Get more of Mr. Lasalle's amazing reviews at:
http://www.cartoonbrew.com/archives/2006_07.html#002133
http://www.cartoonbrew.com/archives/2006_07.html#002140


*Edit: more response to Mr. Lasalle review at:
http://feldsparia.blogspot.com/2006...communiity.html

**Edit: Jaime J. Weinman response to Mick Lasalle:
http://zvbxrpl.blogspot.com/2006/07...uelessness.html

***Edit: Jeff Pidgeon, Story Artist, Pixar, writes in response to the above mentioned review:
http://pidgeonblog.typepad.com/pidg...critics_do.html



**** Edit: Jeff Pidgeon writes to Mick Lasalle about his review:
http://pidgeonblog.typepad.com/pidg...ail_to_mic.html

Last edited by maninflash : 07 July 2006 at 08:03 AM.
 
Old 07 July 2006   #2
Originally Posted by maninflash:
"...There was never any point to a close-up in an animated film -- there was never really anything to see.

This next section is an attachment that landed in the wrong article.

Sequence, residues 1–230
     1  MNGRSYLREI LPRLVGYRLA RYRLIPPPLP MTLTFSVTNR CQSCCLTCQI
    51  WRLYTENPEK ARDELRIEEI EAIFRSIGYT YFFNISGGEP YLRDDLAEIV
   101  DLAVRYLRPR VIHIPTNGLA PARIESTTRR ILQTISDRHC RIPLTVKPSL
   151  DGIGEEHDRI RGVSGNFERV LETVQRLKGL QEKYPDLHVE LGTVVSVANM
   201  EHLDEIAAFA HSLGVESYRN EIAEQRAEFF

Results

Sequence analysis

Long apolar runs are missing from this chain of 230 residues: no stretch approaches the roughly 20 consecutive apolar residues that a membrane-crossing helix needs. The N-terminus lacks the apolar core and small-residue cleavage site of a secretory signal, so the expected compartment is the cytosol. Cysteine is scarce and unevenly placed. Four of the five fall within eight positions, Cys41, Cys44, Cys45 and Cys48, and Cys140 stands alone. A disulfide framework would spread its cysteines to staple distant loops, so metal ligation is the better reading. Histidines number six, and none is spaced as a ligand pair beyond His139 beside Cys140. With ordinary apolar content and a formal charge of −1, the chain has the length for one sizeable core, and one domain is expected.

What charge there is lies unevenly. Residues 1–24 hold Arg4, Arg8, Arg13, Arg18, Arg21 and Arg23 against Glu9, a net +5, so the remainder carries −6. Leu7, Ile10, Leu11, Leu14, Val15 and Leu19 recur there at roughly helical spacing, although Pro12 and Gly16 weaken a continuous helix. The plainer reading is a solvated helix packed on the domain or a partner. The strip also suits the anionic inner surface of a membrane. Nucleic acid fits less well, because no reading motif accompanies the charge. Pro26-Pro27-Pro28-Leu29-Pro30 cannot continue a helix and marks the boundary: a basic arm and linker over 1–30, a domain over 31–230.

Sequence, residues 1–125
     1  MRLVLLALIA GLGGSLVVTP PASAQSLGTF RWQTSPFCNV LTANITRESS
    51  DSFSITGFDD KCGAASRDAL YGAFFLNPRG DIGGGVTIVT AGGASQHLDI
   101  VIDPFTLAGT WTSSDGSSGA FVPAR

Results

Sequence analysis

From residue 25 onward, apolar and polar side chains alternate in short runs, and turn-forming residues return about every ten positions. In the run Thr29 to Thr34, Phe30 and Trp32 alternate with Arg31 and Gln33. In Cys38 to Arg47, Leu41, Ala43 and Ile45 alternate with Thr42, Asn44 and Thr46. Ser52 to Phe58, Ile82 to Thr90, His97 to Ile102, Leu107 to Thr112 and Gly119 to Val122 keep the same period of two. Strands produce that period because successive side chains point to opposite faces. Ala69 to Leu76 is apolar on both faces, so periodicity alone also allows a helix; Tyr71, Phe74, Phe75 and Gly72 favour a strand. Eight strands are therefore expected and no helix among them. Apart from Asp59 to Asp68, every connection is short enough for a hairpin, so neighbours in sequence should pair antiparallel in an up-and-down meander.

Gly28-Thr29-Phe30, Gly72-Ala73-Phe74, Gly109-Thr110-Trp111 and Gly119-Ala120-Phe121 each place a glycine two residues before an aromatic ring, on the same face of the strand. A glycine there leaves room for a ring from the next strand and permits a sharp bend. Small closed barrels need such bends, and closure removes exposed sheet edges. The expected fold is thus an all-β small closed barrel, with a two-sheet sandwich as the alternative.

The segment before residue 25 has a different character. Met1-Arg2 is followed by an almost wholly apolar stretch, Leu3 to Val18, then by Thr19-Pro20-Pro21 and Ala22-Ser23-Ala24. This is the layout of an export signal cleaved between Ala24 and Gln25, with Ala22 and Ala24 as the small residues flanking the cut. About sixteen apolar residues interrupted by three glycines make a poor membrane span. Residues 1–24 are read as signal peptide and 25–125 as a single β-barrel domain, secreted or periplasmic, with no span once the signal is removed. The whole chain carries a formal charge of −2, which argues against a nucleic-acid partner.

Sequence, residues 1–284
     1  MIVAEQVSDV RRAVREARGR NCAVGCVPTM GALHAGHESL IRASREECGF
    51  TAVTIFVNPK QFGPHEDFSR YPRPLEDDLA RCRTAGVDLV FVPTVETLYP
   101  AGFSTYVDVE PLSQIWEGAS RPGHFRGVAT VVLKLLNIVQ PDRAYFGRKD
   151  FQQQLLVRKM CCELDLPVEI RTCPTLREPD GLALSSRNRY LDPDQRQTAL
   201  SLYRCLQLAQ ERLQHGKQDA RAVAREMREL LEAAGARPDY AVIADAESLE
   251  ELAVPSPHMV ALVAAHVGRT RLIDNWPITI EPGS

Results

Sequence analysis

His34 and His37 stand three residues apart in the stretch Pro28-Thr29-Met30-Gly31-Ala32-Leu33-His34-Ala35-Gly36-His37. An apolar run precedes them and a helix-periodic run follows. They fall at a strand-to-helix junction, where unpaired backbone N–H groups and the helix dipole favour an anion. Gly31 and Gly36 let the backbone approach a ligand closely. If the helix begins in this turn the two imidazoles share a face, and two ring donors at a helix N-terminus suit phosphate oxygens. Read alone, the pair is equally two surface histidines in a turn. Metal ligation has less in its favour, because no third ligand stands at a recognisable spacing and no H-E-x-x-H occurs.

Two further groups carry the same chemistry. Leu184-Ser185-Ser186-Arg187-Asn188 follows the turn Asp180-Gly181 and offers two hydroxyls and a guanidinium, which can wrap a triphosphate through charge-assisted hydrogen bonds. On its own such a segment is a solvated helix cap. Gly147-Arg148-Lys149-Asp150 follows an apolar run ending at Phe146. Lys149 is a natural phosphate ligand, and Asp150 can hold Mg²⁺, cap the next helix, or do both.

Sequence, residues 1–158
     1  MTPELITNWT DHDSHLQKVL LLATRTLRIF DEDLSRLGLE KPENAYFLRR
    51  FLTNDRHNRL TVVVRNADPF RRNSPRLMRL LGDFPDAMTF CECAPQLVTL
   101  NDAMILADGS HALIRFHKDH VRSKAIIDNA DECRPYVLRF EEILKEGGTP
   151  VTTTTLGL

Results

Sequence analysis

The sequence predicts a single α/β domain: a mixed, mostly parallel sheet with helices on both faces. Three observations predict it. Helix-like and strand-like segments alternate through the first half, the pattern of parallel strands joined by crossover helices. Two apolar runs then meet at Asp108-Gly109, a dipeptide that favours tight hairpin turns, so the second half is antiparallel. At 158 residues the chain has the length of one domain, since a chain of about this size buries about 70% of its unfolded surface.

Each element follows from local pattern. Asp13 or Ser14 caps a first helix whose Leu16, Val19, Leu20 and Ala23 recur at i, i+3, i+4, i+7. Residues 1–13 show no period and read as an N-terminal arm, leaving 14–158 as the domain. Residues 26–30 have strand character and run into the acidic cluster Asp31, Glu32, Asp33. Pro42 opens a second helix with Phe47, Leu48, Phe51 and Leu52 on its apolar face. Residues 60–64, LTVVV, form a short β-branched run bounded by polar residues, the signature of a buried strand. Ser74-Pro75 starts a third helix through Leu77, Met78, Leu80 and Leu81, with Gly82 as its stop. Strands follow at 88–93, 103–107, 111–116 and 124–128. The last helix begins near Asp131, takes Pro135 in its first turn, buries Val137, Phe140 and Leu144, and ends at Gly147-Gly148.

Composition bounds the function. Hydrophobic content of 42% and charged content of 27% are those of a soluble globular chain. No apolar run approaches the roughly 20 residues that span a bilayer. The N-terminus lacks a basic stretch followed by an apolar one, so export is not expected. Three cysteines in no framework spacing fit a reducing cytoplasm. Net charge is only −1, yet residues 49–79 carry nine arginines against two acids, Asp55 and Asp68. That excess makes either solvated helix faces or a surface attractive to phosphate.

damn - has he ever seen any facial expressions on the Seven Dwarves not o mention my fav character as far as facial animation's concerned - the Coyote from WB?! Honestly! 0_o
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Old 07 July 2006   #3
Everytime I see the trailer for Monster House i think how cool it would have looked if it was keyframed by hand instead of mocap. People outside of animation don't seem to care though, my family can't tell the difference. This guy seems to be the same way.
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Old 07 July 2006   #4
what a moron
 
Old 07 July 2006   #5
Bay area movie reviewers are morons. The guardian and the chronicle are no different.
 
Old 07 July 2006   #6
Quote: "...There was never any point to a close-up in an animated film -- there was never really anything to see. But with the motion-capture process, real actors give their performances with computer sensors attached to their face and body, and that recorded information becomes the template for the computer animation."